I am more than willing, in fact I am compelled, to say that my own tradition, Judaism, is, to borrow the Buddhist phrase, a finger pointing to the moon and not the moon itself. Interfaith dialogue focuses on the fingers; Interspirituality should focus on the moon.

To do this participants in Interspiritual conversations need to learn the core teachings of the various faiths represented in a larger context. Without a larger container for our conversations all we end up with is a potpourri of spiritual platitudes and a pseudo-universalism rooted in the false notion that all religions are saying the same things. All religions, just as all dreams and all myths, draw from the same pool of human needs and nature, but what they do with these is shaped by their unique histories and cultures. Interspirituality needs to direct our attention to that shared pool, identify the needs that are driving things, and then try to articulate the greater truth seeking to speak through the diverse voices of the world’s religions.

This does not negate the notion that there is something divine involved here. But the image is not of God revealing religion to humanity, but of humanity seeking to reveal God through religion. If we assume that our respective faiths are given by God, and are therefore True, Complete, and Perfect in and of themselves, there is no need for Interspirituality at all; interfaith will do just fine. Interspirituality, as I see it, is not rooted in God, Tao, Dharmakaya, Reality but in humanity’s search for This. As such all religions are human in origin and limited by human nature. I realize this goes against the grain of revealed faiths, but unless we can make this Copernican revolution in religious thinking we have nothing to offer but a refinement of interfaith tongue wagging and head butting.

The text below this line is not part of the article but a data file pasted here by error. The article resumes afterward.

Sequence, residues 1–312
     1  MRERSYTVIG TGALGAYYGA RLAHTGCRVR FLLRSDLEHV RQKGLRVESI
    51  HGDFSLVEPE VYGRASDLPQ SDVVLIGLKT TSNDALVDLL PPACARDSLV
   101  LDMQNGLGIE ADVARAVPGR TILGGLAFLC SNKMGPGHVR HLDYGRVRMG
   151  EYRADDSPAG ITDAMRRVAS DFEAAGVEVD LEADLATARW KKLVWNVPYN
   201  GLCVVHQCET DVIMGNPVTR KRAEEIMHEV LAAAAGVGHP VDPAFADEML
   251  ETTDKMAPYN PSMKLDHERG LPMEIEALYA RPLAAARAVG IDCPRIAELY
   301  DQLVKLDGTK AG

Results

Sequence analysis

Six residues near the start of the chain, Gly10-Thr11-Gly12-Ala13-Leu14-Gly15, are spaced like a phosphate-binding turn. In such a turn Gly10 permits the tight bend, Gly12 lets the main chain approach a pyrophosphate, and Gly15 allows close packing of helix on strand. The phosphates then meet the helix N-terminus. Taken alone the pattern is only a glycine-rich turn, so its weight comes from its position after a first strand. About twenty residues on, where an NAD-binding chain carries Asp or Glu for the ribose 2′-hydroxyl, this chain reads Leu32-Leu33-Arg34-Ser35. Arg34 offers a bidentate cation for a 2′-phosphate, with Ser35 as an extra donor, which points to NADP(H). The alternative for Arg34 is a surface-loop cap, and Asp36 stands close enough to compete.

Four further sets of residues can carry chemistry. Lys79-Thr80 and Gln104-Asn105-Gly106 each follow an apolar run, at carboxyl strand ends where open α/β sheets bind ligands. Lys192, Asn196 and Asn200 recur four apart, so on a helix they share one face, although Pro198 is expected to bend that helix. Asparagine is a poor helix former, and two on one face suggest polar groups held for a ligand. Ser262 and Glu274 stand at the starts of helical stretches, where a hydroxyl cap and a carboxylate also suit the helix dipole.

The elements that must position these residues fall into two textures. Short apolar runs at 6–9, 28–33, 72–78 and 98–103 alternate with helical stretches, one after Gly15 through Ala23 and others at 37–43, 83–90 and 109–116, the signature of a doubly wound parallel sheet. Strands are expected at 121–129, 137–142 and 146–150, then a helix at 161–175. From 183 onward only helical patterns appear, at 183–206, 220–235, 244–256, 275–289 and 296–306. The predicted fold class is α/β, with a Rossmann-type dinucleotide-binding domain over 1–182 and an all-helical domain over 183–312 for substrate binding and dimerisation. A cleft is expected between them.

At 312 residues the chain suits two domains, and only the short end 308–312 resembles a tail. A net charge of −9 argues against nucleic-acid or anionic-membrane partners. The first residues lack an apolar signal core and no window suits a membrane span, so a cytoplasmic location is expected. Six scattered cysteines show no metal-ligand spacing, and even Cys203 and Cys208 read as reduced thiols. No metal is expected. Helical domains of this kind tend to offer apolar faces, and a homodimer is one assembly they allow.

Unknown said...

Good distinction, Rami.

I like the word. My wife and I practice different traditions, yet we hold very similar values in our traditions. Interfaith always seems so clinical and tidy, respecting out of tolerance, yet not out of passionate love. We have an interspiritual marriage, I think I could say.

AaronHerschel said...

Your buddhist proverb about the finger pointing to the moon reminded me of this poem by William Carlos Williams:

To A Solitary Disciple
William Carlos Williams

Rather notice, mon cher,
that the moon is
titled above
the point of the steeple
than that its color
is shell-pink.

Rather observe
that it is early morning
than that the sky
is smooth
as a turquoise.

Rather grasp
how the dark
converging lines
of the steeple
meet at a pinnacle—
perceive how
its little ornament
tries to stop them—

See how it fails!
See how the converging lines
of the hexagonal spire
escape upward—
receding, dividing!
that guard and contain
the flower!

how motionless
the eaten moon
lies in the protective lines.
It is true:
in the light colors
of the morning

brown-stone and slate
shine orange and dark blue

But observe
the oppressive weight
of the squat edifice!
the jasmine lightness
of the moon.